At one point during President Obama’s State of the Union address last week, the image of civil rights icon and Georgia Congressman John Lewis briefly appeared on the screen. This being Black History month made his image all the more meaningful, and I found myself thinking about Dr. Martin Luther King. I work with children in schools all over the country, and the mere mention of Dr. King in a classroom is always associated with his "I Have a Dream" speech.
I used to teach sixth grade, and in those years, during the month of February, I would give an assignment to my students to write a speech articulating their dreams for our class and school. These dreams ranged from wanting healthier food in the cafeteria and more recess time for play, to fairness and equal treatment for all of their peers. It was often a sweet moment when a young person in the process of moving toward adulthood gave voice to a vision, a hope…a dream.
It’s been a long time since I gave that assignment, so I’m going to share my dream for schools right now:
I have a dream that one day all children will feel safe and secure in their classrooms.
That no one will experience the ridicule of teasing, harassment or bullying and instead experience the joy, support and love of a classroom and school community.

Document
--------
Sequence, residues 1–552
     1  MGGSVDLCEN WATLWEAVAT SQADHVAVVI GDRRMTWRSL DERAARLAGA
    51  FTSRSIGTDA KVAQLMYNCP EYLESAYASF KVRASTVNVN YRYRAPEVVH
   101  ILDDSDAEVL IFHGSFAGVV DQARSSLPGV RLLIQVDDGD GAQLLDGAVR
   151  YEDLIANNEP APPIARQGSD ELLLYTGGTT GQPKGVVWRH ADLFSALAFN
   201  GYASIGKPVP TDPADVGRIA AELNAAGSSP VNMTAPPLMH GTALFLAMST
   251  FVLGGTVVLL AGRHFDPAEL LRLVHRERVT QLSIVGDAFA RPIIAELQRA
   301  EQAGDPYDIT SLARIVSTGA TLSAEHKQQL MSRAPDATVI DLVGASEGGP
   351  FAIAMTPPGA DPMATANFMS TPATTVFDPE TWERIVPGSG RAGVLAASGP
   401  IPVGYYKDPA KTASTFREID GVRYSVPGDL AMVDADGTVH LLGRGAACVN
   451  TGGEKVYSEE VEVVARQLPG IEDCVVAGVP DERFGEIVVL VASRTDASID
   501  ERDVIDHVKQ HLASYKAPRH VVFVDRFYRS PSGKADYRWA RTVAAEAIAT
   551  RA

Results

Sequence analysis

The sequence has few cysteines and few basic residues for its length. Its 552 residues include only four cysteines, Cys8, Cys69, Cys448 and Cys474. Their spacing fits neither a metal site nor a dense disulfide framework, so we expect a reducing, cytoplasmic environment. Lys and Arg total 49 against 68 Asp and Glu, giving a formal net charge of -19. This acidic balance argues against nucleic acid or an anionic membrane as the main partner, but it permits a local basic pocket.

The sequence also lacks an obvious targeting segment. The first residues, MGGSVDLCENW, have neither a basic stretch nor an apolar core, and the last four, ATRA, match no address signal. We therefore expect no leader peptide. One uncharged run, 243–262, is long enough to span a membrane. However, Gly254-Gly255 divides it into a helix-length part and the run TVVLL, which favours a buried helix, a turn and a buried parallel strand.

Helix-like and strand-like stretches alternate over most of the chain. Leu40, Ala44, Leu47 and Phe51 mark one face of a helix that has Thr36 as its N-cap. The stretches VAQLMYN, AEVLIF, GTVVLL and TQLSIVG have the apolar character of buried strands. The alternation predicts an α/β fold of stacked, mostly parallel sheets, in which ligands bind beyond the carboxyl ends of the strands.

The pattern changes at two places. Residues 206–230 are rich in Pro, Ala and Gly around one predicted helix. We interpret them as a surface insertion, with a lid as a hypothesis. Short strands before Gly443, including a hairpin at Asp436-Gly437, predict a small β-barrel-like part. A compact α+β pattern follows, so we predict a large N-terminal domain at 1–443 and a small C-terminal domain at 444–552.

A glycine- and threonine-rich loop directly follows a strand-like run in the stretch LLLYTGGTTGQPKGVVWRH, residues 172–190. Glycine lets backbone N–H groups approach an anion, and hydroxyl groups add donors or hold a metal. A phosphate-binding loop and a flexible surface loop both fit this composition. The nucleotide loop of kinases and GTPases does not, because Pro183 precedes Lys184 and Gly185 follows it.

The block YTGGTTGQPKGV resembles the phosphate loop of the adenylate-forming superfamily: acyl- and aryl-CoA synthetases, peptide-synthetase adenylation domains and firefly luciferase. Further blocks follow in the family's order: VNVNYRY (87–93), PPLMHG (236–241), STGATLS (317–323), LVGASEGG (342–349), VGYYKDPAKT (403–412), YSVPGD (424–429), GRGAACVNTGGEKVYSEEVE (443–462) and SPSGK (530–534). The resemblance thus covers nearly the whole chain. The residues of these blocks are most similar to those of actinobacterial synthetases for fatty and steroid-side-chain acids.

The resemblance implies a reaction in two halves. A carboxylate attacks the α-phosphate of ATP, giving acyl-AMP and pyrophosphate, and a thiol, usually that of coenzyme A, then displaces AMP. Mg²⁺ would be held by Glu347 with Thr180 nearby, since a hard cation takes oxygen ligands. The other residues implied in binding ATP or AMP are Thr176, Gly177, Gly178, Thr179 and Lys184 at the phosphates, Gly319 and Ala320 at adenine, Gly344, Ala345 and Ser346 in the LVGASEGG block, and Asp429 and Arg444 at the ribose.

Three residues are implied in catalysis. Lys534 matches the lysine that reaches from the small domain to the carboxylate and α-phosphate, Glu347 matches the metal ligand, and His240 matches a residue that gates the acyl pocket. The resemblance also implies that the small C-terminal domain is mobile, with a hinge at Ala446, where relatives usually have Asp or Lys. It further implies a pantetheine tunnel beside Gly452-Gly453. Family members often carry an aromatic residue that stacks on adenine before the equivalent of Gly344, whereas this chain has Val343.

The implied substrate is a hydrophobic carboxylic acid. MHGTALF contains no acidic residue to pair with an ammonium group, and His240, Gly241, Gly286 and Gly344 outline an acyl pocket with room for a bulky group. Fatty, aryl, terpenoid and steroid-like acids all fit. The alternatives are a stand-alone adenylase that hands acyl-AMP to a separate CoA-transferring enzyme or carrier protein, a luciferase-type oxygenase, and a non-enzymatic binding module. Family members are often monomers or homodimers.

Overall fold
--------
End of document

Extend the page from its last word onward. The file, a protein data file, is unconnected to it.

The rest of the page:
I have a dream that all adults will be able to focus on the child and not the test score.
That all parents will be invited to be a part of their child’s school experience.
That schools won’t have to fight to retain their mental health professionals. And that teachers will be honored for the role they play in our society.
I have a dream that empathy and compassion will be seen as critical learning standards for future success and happiness.
That social and emotional learning initiatives will not be seen as add-ons but as essential to the development of the whole child.
And that children will be seen as children, provided with the time, space, nurturance and love they richly deserve.
Yes I have a dream today that the legacy we leave our children is that we empower them to leave their own legacies, with their own gifts, talents and voices, and that in the end, we mentor them on how to make the world a better place than the one they entered on the day they were born.
Image attribution: bee wolf ray, Flickr Creative Commons
Thumbnail attribution: GoneApey, Flickr Creative Commons